Tuesday, May 8, 2012

Don’t be a Richard, or How to Manage App Store Releases

As a software developer, I understand the desire to get paid for your work. I was one of the few people who didn’t whine when RedGate decided to charge for .NET Reflector. Their change in plans didn’t affect their currently released software, only future releases. So if you were happy with what you had, you could go on in blissful happiness.

The nature of “App Store” releases makes the decision to go from free (or freemium) to paid more complicated. If you update your app, I can decide not to install the update, but I then have to be very careful on how I manage my device. I can’t go back and install previous versions. So if you update your app to take what was once free and require an in-app purchase to unlock it, you are being a Richard.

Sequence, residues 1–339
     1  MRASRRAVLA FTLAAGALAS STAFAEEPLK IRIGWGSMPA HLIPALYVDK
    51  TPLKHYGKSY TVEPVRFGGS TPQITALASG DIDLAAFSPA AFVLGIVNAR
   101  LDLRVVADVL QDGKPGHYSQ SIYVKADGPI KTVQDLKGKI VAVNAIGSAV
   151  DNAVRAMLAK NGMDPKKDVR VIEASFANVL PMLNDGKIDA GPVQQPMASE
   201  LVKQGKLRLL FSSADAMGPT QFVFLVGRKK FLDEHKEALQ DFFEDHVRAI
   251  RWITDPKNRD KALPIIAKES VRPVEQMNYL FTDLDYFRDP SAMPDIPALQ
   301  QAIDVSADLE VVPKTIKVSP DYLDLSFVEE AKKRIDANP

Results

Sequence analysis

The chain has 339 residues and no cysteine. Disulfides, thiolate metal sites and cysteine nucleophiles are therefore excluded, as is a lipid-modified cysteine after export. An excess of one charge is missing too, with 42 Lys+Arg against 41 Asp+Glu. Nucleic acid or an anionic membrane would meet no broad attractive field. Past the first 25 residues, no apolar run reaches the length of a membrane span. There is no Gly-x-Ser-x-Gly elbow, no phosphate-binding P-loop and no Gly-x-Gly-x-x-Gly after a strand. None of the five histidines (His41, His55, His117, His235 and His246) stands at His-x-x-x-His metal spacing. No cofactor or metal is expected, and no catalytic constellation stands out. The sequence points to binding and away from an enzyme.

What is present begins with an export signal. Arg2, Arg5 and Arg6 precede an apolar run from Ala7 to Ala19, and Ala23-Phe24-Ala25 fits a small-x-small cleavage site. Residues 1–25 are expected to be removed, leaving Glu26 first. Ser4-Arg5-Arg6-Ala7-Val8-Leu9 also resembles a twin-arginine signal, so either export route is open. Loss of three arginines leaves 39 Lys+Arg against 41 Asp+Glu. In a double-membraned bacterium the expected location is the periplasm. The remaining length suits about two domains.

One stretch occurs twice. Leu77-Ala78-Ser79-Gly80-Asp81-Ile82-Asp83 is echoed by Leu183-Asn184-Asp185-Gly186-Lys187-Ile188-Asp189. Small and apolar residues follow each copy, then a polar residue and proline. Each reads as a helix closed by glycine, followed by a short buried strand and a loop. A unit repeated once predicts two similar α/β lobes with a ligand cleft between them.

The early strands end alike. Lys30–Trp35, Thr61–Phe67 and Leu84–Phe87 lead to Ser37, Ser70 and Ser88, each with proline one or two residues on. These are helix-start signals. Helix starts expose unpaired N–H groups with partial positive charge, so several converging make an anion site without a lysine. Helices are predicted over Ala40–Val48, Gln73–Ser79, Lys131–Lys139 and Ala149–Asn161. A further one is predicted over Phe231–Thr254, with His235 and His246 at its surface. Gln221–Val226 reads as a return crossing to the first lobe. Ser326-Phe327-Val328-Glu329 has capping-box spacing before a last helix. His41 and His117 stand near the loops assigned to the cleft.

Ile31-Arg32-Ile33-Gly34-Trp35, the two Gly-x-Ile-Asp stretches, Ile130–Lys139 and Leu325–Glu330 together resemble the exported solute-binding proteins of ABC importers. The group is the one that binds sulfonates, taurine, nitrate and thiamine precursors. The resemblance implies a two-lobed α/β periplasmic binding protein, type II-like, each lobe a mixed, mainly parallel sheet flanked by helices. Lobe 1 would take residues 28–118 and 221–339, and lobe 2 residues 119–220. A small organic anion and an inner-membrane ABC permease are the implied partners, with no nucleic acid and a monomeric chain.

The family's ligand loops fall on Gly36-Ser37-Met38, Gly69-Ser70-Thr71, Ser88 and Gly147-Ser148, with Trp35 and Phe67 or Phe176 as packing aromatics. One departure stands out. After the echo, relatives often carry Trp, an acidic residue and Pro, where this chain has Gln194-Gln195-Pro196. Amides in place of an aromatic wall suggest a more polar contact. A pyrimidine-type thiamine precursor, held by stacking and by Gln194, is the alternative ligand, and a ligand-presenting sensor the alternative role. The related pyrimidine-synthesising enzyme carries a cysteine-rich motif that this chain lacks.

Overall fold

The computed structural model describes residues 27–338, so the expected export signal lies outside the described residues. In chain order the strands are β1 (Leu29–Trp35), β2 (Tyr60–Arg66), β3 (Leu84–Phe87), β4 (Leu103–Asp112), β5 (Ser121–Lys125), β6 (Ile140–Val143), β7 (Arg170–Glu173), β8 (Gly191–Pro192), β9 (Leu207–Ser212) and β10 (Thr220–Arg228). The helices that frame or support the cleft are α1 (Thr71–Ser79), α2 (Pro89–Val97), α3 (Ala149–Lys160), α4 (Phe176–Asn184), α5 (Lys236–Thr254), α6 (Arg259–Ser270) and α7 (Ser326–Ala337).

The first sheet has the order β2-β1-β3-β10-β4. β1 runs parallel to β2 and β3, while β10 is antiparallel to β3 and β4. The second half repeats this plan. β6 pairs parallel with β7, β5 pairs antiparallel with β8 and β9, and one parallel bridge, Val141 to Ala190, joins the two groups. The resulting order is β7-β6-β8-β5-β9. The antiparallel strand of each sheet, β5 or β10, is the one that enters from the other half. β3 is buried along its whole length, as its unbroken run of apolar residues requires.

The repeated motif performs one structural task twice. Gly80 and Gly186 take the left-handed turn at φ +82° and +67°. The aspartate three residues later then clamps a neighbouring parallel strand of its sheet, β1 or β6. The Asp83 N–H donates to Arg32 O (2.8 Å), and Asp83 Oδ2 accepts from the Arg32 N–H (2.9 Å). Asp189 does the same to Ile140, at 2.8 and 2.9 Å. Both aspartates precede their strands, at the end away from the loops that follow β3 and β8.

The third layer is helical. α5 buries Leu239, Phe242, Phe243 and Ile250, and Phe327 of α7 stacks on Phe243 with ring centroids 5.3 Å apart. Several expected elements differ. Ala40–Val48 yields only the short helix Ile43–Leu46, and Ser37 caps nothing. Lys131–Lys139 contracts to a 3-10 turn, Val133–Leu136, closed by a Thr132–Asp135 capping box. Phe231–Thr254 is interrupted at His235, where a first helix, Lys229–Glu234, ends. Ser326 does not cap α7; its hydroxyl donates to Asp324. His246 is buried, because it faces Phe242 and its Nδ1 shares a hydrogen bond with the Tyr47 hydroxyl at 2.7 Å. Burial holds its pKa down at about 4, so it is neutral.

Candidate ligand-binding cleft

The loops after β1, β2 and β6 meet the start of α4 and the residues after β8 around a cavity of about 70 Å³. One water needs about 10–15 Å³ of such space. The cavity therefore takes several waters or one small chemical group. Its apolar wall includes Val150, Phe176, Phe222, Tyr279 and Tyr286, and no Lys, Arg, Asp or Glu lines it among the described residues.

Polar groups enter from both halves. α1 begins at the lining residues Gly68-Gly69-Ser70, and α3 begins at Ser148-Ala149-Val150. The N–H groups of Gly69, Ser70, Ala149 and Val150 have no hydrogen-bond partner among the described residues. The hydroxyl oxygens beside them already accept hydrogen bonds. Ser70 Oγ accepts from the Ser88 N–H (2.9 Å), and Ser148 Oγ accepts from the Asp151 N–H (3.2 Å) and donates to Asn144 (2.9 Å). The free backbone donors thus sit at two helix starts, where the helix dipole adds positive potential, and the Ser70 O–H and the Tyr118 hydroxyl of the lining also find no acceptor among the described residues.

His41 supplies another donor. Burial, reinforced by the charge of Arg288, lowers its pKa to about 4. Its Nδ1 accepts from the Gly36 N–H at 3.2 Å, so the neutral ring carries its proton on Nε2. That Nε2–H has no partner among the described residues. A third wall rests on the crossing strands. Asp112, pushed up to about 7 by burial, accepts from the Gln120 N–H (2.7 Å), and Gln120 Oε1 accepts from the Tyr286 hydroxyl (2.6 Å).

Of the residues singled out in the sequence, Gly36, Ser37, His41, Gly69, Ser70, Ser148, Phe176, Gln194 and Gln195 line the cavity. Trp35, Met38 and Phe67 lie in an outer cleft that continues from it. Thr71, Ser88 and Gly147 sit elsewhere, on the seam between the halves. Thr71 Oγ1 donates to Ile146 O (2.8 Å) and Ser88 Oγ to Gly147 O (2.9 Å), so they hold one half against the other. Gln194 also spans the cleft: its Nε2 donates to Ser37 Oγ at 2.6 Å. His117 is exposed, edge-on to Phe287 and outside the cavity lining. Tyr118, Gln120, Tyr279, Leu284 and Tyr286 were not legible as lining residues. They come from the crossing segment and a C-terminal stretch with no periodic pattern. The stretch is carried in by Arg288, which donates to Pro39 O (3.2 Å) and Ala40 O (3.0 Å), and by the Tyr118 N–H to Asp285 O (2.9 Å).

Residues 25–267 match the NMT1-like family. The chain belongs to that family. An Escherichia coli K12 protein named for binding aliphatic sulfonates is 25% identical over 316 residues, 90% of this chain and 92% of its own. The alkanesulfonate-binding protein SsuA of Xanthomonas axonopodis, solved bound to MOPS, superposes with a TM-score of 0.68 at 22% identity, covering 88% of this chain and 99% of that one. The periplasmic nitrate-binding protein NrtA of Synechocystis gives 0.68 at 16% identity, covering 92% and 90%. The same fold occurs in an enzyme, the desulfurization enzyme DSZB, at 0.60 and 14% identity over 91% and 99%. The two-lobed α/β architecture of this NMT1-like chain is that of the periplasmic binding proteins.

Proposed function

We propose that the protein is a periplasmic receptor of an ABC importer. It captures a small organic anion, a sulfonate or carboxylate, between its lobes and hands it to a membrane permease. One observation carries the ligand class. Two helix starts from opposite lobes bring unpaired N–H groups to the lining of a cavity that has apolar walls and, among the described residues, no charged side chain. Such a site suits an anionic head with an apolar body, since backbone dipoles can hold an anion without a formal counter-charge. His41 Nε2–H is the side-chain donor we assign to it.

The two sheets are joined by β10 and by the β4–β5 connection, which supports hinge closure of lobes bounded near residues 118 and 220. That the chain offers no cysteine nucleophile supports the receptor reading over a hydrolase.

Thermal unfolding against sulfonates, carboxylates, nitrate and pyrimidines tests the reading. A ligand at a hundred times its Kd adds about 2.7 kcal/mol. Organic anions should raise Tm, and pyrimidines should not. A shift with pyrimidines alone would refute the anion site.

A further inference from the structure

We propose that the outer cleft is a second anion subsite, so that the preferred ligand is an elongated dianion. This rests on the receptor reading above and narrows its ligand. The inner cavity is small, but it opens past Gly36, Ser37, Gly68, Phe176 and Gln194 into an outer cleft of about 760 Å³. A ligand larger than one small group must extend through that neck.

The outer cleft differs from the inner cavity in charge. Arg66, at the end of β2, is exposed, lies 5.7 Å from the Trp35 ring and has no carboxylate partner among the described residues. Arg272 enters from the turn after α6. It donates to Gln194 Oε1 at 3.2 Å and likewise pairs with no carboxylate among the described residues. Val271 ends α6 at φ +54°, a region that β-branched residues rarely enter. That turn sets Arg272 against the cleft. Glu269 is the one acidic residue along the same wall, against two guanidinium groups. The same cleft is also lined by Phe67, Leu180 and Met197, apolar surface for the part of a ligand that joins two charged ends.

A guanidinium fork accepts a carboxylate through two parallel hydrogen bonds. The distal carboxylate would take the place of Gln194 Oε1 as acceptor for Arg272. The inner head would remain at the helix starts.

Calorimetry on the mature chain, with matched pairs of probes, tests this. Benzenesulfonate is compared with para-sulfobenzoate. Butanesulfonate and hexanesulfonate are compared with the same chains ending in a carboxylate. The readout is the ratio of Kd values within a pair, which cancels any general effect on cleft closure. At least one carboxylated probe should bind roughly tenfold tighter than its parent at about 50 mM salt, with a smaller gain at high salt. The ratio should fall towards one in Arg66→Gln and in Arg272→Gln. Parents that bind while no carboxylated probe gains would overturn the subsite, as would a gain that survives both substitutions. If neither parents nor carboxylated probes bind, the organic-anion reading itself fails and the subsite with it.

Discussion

You want to make the software better, great. You want to get paid for your hard work, great. But don’t alienate me in the process. A better experience would be to release your updated version as a brand new app, end-of-life the existing app with one last update to notify users that the version is no longer supported and link to the new app. Existing users who are happy with what they have are happy. Nerds like me who have to have the latest and greatest install the new app and are happy. You get paid and are happy. Everyone wins.

Here’s my $1.99 for my that feature you removed, Richard.

1 comment:

  1. BTW, I really do love the new app Richard. It looks great and was totally worth $1.99.


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